Very nearly 40 American soldiers have been killed in Iraq since the month of November began. 33 more were killed in October, and 16 more died in September. The total losses, to date, creep towards 400. Few American citizens are aware of this, because the Bush administration has made it policy to deliberately hide these honored dead from the media. No cameras are allowed inside the Dover, DE facility that receives the ruined bodies of our troops.
No cameras are allowed inside Walter Reed Army Medical Center to film the thousands of soldiers who have been catastrophically wounded in Iraq, nor are cameras allowed inside the facility at Ft. Stewart in Georgia where the wounded await treatment in conditions they have described as inhumane.
No Bush official has been to a single funeral for any of the fallen, because that would bring unwanted publicity onto the ruinous casualties we have suffered. The Pentagon is doing its part as well. The term "body bags" was dispensed with during the 1991 Gulf War for the kinder, gentler euphemism "human remains pouches." The term has been changed again by the Pentagon. Today in Iraq, soldiers killed in the line of duty are placed inside "transfer tubes" for their anonymous, unnoticed trip home.
American soldiers killed in Afghanistan were roundly filmed as they returned home, and the images of their flag-draped caskets were broadcast all across the country with broad and honored fanfare. President Clinton was present to welcome home the coffins of soldiers killed in Kosovo. Pictures of the coffins carrying sailors killed in the bombing of the USS Cole were also widely broadcast. President Bush Sr. was on hand to welcome the caskets of soldiers killed in Lebanon and Panama.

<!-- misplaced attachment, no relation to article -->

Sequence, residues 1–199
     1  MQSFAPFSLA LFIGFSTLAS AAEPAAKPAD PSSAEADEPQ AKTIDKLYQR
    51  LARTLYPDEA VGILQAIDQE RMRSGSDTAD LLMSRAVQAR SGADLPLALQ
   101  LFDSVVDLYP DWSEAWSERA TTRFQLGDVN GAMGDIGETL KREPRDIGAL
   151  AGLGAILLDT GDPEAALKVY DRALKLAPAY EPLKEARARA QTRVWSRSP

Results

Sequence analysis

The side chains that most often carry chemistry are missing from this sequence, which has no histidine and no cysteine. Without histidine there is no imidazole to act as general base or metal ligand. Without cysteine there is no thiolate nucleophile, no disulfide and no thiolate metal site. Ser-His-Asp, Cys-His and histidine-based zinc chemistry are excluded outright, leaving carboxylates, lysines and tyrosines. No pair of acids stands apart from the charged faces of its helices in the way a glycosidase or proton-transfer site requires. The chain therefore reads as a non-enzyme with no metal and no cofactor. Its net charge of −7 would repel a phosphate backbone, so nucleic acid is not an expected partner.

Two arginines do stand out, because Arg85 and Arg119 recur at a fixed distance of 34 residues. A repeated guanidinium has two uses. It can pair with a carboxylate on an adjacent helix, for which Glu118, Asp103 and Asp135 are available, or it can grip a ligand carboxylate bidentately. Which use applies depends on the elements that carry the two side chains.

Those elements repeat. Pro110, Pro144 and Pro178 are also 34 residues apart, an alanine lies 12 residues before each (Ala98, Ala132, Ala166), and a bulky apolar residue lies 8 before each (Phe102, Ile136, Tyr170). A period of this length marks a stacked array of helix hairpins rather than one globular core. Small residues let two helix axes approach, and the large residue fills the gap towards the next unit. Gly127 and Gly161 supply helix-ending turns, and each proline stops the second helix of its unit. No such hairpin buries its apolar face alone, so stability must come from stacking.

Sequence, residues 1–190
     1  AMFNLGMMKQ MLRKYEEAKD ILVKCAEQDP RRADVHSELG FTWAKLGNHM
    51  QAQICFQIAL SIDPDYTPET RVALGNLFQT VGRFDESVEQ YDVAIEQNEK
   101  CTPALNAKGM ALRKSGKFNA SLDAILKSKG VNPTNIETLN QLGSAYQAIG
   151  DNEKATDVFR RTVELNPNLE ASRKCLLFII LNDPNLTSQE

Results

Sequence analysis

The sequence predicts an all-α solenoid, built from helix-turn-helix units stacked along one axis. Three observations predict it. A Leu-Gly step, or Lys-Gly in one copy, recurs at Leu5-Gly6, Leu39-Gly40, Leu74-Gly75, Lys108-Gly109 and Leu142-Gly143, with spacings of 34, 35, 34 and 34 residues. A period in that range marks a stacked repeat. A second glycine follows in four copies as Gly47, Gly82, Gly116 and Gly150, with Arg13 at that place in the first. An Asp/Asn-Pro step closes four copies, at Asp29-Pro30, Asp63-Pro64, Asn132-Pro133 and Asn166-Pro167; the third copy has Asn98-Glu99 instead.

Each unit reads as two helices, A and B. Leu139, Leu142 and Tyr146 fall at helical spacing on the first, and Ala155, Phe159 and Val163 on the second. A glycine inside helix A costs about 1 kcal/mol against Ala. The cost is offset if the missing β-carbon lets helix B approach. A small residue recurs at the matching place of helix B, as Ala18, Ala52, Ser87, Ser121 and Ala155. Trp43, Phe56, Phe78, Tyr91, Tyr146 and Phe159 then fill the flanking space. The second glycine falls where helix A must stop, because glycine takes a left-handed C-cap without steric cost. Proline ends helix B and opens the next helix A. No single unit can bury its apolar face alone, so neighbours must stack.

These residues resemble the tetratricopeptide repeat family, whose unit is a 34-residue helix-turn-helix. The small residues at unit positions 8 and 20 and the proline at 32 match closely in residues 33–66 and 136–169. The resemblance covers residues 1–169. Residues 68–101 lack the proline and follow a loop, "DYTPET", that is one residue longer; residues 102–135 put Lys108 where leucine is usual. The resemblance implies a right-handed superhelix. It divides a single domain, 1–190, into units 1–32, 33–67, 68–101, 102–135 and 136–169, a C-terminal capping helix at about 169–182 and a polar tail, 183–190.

The men and women killed in Iraq are afforded no such honor. They are a dirty little secret, hidden from view lest they cause political discomfort to the administration that got them killed.
The Bush administration has taken to hiding from even the most obvious signs that, once upon a time, this war served their propaganda purposes. When George W. Bush declared an end to combat operations in Iraq aboard the aircraft carrier Abraham Lincoln, his televised image was framed by a massive banner that read "MISSION ACCOMPLISHED." At the time, the administration was more than happy to take credit for the banner.
Full and specific credit, at the time, was given to Scott Sforza, a former ABC producer hired by the administration to work for the White House Communication's Director. Mr. Sforza can be credited for those snappy backdrops draped around Bush when he speaks, the ones with the catch-words repeated ad nauseam. Sforza spent several days "embedded" aboard the Abraham Lincoln to organize the event for full media effect, going so far as to hand-pick the Navy personnel to be displayed, and to choose the color of the clothes they would wear.
Once it became clear that the only mission that had been accomplished in Iraq was the looting of the American Treasury, the unnecessary deaths of hundreds of American troops, the unnecessary maiming of thousands more, and the ruination of our reputation around the world, George W. Bush himself went out of his way to disavow any involvement with the braggadocio of the banner. In an October 28 press conference, Bush said, "The 'Mission Accomplished' sign, of course, was put up by the members of the USS Abraham Lincoln, saying that their mission was accomplished."
And so the military, again, is left holding the bag for Bush, who has fled even from the presence of the memory of the fallen.